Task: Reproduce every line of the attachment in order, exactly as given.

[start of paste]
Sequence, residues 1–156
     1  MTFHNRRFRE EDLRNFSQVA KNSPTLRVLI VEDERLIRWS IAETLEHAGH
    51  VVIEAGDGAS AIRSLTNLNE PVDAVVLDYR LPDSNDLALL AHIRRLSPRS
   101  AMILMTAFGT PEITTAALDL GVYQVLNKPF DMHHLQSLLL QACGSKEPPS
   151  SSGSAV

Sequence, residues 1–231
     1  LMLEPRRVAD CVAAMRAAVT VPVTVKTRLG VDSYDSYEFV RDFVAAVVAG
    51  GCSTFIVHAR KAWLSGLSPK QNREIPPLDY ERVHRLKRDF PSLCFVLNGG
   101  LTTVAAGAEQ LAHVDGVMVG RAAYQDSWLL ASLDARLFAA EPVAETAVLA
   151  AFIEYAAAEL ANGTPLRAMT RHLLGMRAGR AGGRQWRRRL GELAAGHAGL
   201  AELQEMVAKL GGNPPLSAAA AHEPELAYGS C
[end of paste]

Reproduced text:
Sequence, residues 1–156
     1  MTFHNRRFRE EDLRNFSQVA KNSPTLRVLI VEDERLIRWS IAETLEHAGH
    51  VVIEAGDGAS AIRSLTNLNE PVDAVVLDYR LPDSNDLALL AHIRRLSPRS
   101  AMILMTAFGT PEITTAALDL GVYQVLNKPF DMHHLQSLLL QACGSKEPPS
   151  SSGSAV

Sequence, residues 1–231
     1  LMLEPRRVAD CVAAMRAAVT VPVTVKTRLG VDSYDSYEFV RDFVAAVVAG
    51  GCSTFIVHAR KAWLSGLSPK QNREIPPLDY ERVHRLKRDF PSLCFVLNGG
   101  LTTVAAGAEQ LAHVDGVMVG RAAYQDSWLL ASLDARLFAA EPVAETAVLA
   151  AFIEYAAAEL ANGTPLRAMT RHLLGMRAGR AGGRQWRRRL GELAAGHAGL
   201  AELQEMVAKL GGNPPLSAAA AHEPELAYGS C